Between May and October 2017, the southern city saw fighting between government forces and an Islamic State-inspired terrorist group. In Mindanao for more than 40 years, the priest is the founder of Silsilah, a movement for Islamic-Christian dialogue. The latest initiatives show that "so many good Maranao and Christians in Lanao to rebuild with hope the broken hearts of many."
Zamboanga (AsiaNews) – The reconstruction of Marawi, a city devastated by last year's Islamist seizure, “starts with Islamic-Christian cooperation, above all by the commitment of Maranao (Muslim) women for dialogue and peace,” this according to the latest experiences promoted by Silsilah, a movement for Islamic-Christian dialogue founded by Fr Sebastiano D'Ambra in 1984.
The missionary with the Pontifical Institute for Foreign Missions (PIME) has been a priest for more than 40 years, his pastoral work done on Mindanao island, where the country’s Islamic community is concentrated.
Between May and October 2017, the area was saw violent fighting between government forces and Maute, a terrorist group inspired by the Islamic State (IS) that seized Marawi.
"We will remember the siege as a sad history of violence,” Fr D'Ambra said. “Reflecting upon this sad affair, we wish nevertheless to affirm that amid divisions and conflict there is still hope.”
“The violence caused the death of at least 1,131 people and sparked ethno-religious tensions in the area,” Fr D’Ambra said. Nevertheless, “for Silsilah, the experience of the recent past highlights the good will of so many good (Muslim) Maranao and Christians in Lanao to rebuild with hope the broken hearts of many."
On 22 and 23 August, the cities of Iligan and Marawi (in the provinces of Lanao del Norte and Lanao del Sur) hosted the movement’s latest meetings. Several local community leaders took part, in particular Maranao women, young people, Silsilah coordinators from other cities, as well as old and new supporters.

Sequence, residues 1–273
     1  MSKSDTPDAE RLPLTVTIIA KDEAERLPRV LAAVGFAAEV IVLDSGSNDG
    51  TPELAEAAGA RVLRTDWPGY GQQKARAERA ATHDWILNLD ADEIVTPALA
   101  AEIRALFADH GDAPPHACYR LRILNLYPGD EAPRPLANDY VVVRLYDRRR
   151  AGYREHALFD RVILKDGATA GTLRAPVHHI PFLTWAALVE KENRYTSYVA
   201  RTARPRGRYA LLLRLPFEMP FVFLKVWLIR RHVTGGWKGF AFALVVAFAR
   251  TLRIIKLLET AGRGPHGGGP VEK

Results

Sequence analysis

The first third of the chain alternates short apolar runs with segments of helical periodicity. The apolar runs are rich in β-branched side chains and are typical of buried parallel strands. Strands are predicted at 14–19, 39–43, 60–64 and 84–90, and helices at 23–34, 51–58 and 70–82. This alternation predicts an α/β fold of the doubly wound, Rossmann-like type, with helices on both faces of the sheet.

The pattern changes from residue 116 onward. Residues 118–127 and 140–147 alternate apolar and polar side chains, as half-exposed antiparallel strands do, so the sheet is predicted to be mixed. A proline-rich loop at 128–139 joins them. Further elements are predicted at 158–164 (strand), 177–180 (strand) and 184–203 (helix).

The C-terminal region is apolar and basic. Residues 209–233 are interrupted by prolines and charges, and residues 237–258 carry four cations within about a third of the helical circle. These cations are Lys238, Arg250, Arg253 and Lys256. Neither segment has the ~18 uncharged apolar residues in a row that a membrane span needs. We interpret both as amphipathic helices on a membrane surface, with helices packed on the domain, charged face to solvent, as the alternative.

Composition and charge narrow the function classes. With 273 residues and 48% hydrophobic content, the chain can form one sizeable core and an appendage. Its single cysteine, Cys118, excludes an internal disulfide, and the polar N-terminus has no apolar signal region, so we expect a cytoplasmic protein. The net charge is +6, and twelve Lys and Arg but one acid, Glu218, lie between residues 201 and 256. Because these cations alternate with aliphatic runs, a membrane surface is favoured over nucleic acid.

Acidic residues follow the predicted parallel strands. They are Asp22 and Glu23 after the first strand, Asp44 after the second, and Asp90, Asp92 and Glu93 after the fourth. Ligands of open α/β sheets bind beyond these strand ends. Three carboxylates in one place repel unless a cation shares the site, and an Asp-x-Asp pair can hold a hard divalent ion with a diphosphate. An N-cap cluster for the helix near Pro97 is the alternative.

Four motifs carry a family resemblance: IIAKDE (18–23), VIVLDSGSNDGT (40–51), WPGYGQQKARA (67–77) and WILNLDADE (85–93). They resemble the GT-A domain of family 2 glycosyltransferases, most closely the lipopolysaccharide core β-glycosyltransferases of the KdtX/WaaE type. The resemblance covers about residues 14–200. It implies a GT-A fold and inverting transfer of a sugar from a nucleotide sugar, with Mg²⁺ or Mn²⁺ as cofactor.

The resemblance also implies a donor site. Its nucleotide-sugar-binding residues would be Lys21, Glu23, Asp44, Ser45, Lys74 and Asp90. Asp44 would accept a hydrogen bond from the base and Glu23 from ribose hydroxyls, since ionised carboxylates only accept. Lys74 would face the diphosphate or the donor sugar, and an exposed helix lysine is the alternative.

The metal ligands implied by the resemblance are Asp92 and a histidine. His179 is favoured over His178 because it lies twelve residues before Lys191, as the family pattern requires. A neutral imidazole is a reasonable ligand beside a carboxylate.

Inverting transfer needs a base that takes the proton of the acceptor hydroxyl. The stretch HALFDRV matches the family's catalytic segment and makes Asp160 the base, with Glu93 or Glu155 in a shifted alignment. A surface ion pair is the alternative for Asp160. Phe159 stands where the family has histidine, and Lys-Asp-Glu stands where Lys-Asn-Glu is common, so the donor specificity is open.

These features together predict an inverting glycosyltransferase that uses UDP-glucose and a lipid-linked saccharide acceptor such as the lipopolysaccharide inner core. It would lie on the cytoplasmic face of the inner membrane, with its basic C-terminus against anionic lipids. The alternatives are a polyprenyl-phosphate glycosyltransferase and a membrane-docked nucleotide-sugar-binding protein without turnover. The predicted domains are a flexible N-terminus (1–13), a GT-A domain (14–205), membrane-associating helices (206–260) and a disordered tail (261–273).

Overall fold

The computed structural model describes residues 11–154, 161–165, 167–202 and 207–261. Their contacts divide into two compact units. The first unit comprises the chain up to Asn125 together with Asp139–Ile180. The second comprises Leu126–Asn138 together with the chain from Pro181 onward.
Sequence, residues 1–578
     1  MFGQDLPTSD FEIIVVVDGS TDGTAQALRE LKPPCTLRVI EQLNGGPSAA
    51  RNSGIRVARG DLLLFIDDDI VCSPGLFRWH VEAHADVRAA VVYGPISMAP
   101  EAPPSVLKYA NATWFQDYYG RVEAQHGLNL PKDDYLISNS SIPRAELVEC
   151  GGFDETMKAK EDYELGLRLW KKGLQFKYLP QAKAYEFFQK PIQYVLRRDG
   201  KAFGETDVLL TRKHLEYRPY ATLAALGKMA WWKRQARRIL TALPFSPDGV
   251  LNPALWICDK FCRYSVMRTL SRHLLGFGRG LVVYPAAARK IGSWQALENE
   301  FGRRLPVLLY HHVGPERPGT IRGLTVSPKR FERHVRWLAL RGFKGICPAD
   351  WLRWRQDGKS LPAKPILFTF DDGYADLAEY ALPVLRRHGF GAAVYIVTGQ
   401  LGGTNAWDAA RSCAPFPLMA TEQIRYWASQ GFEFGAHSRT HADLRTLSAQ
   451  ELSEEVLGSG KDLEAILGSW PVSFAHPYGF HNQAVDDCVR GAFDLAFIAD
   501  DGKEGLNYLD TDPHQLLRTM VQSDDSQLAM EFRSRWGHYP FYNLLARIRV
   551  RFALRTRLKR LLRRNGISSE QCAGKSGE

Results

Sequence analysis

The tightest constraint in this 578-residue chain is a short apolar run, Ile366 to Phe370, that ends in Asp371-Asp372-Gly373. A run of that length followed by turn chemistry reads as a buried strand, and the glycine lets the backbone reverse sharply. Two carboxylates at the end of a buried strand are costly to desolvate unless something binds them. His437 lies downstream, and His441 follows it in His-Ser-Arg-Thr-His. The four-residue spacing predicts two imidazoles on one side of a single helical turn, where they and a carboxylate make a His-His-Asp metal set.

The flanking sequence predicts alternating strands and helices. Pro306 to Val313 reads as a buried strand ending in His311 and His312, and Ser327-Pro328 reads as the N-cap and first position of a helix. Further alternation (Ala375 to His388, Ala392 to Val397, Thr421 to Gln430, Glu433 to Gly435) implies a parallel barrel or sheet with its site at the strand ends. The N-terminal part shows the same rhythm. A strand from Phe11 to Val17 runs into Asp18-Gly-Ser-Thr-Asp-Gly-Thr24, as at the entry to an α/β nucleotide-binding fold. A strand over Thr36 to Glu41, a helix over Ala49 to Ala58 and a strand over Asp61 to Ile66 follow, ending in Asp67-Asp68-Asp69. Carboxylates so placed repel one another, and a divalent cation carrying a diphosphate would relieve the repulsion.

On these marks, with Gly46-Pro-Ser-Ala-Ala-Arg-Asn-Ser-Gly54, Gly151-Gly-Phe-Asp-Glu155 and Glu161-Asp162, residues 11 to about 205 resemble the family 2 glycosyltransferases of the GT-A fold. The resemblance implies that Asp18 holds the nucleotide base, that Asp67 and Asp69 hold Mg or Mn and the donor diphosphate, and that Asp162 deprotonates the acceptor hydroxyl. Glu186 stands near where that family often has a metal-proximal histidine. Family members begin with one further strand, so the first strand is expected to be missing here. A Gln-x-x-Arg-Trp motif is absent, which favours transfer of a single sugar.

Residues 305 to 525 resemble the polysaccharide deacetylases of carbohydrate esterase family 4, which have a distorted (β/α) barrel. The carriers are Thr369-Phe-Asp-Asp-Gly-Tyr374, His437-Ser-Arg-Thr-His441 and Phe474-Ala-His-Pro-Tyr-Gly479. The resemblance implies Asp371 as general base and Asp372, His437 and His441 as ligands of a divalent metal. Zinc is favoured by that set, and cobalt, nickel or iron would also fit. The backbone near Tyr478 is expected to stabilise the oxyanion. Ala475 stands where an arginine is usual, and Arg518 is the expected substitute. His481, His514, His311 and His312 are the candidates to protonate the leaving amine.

In Iligan, the conference was held at the Institute for Peace and Development of Mindanao (IPDM), Mindanao State University, in the presence of many alumni, including Fr Teresito "Chito" Suganob, who was held hostage for four months by Maute.
"This also provided an opportunity to launch the Lanao Regional Silsilah Forum," Fr D'Ambra explained. “The following day we relaunched the local Silsilah Forum in Marawi, an initiative that began for the first time in 2009."
"Jamila-Aisha Sanguila was one of the people who most distinguished themselves in the activities,” he said. She teaches Islamic History and was the first Muslim coordinator of the Marawi Forum when it was set up.
"I had met her during my previous visit to the city, on 16 February,” Fr D’Ambra said. “I asked her to help me repeat the experience of the round table. She was ready to accept the challenge and, thanks to her initiative, from that moment Silsilah found new energy and hope for Lanao, especially Marawi."